Room 210

MAP Practice Nov. 10, 2006

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Published November 9, 2006



That is the emotion coursing through the local music community this week.

More than 33,000 people in this city voted Tuesday in favor of banning anyone under 21 from establishments where alcohol is served.

Though a loophole in the new law means young adults and minors will still be allowed into many music venues, the overall fact remains: By a 60 percent margin, the people of Springfield approve of this ban.

It's really not surprising. To some, it's infuriating. To many others, disappointing.

But mostly, there is frustration. Why?

Because many see it as a slap against art, against the burgeoning downtown music and arts scenes, and against the vast majority of young people who are responsible and play by the rules when they go to a rock show. That's not to mention the venues, which by and large play by the rules.

The reality is that this law was aimed mainly at a couple of dance clubs, but every other night-life spot is now caught in the fallout.

There's frustration because of how the ban's proponents view young people. They believe if someone younger than 21 is inside a place where alcohol is served, then that person's top priority will be to obtain a drink, like a cat attracted to a ball of yarn. The DWI Task Force and social conservatives who backed this idea did not even entertain the idea that maybe --just maybe --a 19-year-old college student who can vote and die for his or her country might want to see their favorite band or take a date out dancing. They don't trust the youth.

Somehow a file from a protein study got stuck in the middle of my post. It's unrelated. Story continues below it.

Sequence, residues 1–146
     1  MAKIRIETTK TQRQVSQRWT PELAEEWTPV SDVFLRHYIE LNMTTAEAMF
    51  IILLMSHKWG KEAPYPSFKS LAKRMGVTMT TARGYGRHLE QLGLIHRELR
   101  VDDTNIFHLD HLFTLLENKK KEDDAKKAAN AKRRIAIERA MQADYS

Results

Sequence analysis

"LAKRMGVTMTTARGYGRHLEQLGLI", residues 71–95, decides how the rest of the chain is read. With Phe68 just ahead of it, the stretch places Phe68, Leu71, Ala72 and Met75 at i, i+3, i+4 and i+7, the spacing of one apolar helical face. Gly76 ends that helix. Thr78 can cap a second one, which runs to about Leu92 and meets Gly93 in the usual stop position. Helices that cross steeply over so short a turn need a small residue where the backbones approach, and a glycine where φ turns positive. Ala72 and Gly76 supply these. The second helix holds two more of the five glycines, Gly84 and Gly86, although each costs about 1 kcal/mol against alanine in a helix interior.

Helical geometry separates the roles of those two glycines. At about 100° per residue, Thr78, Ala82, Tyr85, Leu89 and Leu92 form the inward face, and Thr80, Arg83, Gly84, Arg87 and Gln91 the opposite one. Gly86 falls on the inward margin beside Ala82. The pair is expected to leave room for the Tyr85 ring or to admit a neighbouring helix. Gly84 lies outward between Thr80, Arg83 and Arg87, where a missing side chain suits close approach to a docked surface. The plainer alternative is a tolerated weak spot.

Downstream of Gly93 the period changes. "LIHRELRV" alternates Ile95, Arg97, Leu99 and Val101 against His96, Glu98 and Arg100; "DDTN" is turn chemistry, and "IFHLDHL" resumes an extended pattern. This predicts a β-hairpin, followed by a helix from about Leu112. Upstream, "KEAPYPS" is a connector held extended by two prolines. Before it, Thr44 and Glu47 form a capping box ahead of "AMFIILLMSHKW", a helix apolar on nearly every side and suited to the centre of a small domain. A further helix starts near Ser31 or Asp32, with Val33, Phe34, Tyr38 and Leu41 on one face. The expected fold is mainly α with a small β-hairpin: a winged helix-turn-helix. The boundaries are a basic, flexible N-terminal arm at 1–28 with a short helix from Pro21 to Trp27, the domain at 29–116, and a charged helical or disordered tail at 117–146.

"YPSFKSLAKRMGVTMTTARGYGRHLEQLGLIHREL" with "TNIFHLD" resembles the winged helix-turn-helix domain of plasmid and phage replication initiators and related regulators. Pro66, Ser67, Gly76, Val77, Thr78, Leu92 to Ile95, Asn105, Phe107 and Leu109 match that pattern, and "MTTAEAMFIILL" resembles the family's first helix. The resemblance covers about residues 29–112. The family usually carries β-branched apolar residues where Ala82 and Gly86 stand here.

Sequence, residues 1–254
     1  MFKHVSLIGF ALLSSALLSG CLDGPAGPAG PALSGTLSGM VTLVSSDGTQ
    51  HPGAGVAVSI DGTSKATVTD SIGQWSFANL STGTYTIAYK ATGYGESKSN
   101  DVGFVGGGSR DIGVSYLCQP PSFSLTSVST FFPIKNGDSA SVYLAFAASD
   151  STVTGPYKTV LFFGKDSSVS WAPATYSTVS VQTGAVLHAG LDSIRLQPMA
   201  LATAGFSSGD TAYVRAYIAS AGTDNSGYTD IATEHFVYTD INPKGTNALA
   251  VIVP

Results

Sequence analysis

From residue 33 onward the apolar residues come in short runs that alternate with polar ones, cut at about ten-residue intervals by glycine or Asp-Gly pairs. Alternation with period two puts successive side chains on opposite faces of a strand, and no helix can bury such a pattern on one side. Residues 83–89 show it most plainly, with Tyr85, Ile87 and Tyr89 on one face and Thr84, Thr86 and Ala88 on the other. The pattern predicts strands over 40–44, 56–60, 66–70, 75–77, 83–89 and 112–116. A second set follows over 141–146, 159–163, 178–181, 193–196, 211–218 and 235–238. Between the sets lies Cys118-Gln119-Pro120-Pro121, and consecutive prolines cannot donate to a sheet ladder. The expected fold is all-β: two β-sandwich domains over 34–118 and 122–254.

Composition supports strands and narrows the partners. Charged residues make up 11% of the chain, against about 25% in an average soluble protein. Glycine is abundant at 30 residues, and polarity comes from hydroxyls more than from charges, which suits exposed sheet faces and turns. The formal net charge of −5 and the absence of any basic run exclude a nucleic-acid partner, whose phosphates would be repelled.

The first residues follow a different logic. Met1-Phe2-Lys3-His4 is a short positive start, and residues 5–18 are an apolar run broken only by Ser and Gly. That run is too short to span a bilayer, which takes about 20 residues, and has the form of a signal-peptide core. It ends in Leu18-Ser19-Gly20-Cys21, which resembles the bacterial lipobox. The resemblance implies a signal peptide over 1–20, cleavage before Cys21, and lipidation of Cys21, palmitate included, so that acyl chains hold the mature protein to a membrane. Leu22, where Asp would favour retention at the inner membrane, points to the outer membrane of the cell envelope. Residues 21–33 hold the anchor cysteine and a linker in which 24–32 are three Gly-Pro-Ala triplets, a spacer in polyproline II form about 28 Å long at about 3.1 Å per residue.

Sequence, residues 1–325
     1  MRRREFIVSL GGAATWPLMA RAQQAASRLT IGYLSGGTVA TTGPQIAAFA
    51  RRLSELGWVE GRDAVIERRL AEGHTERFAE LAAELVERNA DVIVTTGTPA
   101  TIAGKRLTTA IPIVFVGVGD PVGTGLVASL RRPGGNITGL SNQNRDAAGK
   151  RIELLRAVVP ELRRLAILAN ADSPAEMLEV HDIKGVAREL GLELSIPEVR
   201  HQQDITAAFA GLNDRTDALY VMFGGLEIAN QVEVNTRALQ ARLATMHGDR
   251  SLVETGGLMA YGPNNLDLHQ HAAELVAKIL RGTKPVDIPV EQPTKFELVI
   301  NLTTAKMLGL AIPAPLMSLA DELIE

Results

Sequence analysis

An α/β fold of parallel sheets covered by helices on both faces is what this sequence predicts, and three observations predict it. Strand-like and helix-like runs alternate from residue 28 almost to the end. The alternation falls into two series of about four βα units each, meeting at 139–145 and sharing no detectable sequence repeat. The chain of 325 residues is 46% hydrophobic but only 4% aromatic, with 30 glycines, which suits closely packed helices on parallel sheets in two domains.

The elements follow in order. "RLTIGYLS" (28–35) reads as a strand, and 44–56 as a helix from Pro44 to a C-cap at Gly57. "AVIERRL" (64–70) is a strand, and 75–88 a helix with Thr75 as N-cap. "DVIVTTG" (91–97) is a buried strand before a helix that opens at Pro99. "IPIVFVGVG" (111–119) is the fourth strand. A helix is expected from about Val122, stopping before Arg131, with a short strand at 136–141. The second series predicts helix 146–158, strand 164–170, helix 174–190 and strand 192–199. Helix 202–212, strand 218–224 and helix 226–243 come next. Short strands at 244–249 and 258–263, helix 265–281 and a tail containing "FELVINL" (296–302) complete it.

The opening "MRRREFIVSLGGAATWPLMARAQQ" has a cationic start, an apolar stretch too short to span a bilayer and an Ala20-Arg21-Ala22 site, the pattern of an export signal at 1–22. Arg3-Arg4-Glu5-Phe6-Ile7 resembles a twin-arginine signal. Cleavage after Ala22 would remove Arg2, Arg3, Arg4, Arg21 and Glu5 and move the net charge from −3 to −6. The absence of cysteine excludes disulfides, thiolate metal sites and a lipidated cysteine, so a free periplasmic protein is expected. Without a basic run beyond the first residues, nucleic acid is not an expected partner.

Nor do they trust the people who run the bars. Supporters framed the debate as a matter of public health versus wicked business owners who are making money off the backs of "kids" by ushering them into dark rooms and shoving drinks in their hand.

If you believe music venues are making loads of cash by selling beer to 18-year-olds, please call my number below. I have some sweet swamp land for sale.

There's frustration because downtown gentrification has already killed some live music venues, and this law certainly won't make it attractive for new ones to open.

Even though a loophole exists (places that derive less than 60 percent of revenue from alcohol sales are exempt), more change is coming. The margin of victory has created a mandate, and supporters will try to sew up the holes. But then we'll be back to the same problem: asking which places are exempt from this moralistic legislation.

What about Hammons Field, the Shrine Mosque or T.G.I. Friday's? Ah, that pesky gray area. One thing's for sure: when the debate heats up again, it's going be frustrating — for both sides.


Essay Questions

1. How does the author feel about the decision made by Springfield voters Tuesday? Explain the effect he believes this will have on the arts and music community.


2. Though it is not mentioned in the column, from reading it what reasons do you imagine supporters of the law had for passing it?


3. Describe your feelings about the central issue of the column. Should those under 21 be allowed to enter Springfield bars?